Dangerous Thinking Towards the LGBT Community

Former and possibly future presidential candidate Rick Perry touched off a firestorm of criticism last week when he compared homosexuality to alcoholism. Even though it does seem a little click-baity to suggest Perry meant homosexuality is exactly like a debilitating, family destroying disease, what he actually said after he was asked if he believed homosexuality was a disorder or not isn’t much better than what the headlines suggest.

“Whether or not you feel compelled to follow a particular lifestyle or not,” he said, “you have the ability to decide not to do that. I may have the genetic coding that I’m inclined to be an alcoholic, but I have the desire not to do that. And I look at the homosexual issue the same way.” So he didn’t exactly say gays are just as much of a societally destructive force as alcoholics, but his choice of analogy still reveals a total indifference to logic and a fundamental misunderstanding about what it means to be gay.

Comments With a Catch

There is some evidence that genetics can influence the likelihood of a person becoming an alcoholic, but it’s simply flat out stupid to suggest that a person with those genes would be more tempted than anyone else to start drinking in the first place. I mean, of course an alcoholic’s desire for a drink is on another level than a car lover’s desire for mustang parts, but sexual attraction is an entirely different ball game.  A homosexual is a person with an inborn attraction to members of the same sex. An alcoholic is not a person with an innate attraction to beer.

This is still beside the main point: The governor of one of the nation’s biggest states is still under the impression that homosexuality is a vice that needs to be and can be controlled, instead of a natural, morally neutral way of being that cannot and does not need to be suppressed.

Perry has since expressed some mild regret about the incident, but has done so in a W-esque, “aw shucks” kind of way that suggests he is sorry he didn’t choose his words more carefully rather than being sorry for holding a backwards viewpoint.

“I readily admit, I stepped right in it,” he said after basically saying he should have deflected the question and said something about jobs. You’ll notice that he doesn’t say he was misinformed, doesn’t even hint that he was wrong, or even that he misspoke.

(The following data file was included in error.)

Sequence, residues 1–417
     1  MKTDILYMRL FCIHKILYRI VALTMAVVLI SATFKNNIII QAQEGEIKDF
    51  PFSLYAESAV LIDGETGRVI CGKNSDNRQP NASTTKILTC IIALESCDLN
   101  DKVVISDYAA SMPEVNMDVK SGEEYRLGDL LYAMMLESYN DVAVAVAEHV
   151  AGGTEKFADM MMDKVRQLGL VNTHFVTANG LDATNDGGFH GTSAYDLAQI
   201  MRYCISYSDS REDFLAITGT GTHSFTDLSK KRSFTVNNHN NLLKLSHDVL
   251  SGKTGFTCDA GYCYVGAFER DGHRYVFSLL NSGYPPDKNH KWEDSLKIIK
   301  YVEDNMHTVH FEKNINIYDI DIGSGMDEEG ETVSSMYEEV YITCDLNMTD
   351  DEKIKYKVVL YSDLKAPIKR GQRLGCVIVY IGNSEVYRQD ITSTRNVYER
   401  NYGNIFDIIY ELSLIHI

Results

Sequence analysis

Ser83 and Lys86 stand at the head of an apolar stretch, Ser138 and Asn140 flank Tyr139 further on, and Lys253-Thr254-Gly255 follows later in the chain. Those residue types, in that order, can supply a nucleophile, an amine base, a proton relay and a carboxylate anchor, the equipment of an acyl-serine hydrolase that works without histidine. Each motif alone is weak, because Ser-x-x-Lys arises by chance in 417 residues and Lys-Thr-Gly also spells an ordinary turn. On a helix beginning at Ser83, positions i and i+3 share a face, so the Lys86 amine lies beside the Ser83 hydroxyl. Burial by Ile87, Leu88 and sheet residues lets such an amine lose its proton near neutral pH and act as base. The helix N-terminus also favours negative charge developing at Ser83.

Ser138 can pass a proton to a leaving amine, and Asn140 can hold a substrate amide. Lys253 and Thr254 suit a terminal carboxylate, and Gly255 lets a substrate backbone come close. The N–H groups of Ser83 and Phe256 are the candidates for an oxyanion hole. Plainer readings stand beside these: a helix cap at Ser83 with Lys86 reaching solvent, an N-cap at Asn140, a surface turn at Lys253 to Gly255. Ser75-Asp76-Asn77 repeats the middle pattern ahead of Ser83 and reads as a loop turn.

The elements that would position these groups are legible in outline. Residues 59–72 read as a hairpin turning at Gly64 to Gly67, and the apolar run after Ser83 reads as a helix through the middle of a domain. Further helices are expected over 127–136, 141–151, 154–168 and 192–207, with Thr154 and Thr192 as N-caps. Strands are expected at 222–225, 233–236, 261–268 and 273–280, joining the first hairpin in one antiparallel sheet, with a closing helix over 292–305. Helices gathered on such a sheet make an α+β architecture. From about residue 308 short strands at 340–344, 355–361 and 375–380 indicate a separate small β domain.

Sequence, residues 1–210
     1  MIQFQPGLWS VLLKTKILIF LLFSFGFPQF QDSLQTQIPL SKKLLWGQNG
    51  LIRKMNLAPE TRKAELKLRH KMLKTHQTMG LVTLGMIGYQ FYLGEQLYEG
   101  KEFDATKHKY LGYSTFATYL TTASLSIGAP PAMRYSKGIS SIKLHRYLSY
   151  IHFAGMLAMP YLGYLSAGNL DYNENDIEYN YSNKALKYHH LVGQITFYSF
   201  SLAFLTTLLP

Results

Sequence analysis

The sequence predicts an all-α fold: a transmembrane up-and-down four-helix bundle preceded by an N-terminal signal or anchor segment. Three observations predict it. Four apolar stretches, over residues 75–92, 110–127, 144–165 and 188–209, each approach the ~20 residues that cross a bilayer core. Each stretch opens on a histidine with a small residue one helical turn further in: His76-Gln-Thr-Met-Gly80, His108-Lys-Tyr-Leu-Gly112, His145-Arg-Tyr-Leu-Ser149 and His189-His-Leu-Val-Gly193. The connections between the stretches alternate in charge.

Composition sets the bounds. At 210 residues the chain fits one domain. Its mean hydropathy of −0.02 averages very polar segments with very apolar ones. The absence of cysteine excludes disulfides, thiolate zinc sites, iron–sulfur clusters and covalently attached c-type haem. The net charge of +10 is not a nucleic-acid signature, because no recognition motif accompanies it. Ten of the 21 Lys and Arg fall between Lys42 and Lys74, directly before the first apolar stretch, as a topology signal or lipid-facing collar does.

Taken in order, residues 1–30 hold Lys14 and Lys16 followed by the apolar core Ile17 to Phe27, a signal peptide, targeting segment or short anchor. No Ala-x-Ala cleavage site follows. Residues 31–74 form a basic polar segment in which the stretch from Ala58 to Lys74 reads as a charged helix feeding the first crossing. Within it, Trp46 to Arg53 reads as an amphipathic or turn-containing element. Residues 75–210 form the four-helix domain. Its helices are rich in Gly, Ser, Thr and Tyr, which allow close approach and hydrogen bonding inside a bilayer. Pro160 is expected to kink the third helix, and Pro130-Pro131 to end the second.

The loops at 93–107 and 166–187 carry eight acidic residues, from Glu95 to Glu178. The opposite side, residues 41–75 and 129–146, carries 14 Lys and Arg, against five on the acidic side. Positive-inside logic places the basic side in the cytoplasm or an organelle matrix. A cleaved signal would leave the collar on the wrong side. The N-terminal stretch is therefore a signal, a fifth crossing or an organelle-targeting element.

That’s because in his mind, the only mistake he made was speaking a little too plainly about his beliefs. Have no doubt Perry and other conservatives really do believe being gay is a morally questionable behavior you need to curtail, like gambling. He made these comments after the Texas Republican Convention permitted their platform to state that gay Texans can get counseling to “cure” their homosexuality.

A Dangerous Mindset

curing homosexualityThis is what gets to the crux of what was so wrong with Perry’s comments. He didn’t just have a slip of the tongue and say something demeaning; he revealed the ignorance that makes up the rotten foundation of many conservatives’ views on homosexuality. They think gays are just people with “sinful” inclinations and poor impulse control.

Plus, by framing the issue as if he can relate to being gay, but is able to resist his similarly evil genetic makeup, Perry creates a place for him and other like-minded bigots to make criticisms from a supposedly safe place. It’s no longer politically safe to say you don’t like homosexuals, so Perry says he has no problem with the people, just their inability to ignore the desires they were born with.

This way of thinking is not just wrong, it’s dangerous. It encourages people to think anyone who isn’t heterosexual is just making a bad choice and therefore does not deserve equal protection under the law. It can cause otherwise healthy people to think there is something wrong with a harmless feature of their identity and cause serious self-esteem issues that can lead to depression and suicide. Hopefully, it’s also such a blatantly moronic line of thinking that it ends Perry’s presidential campaign before it even starts.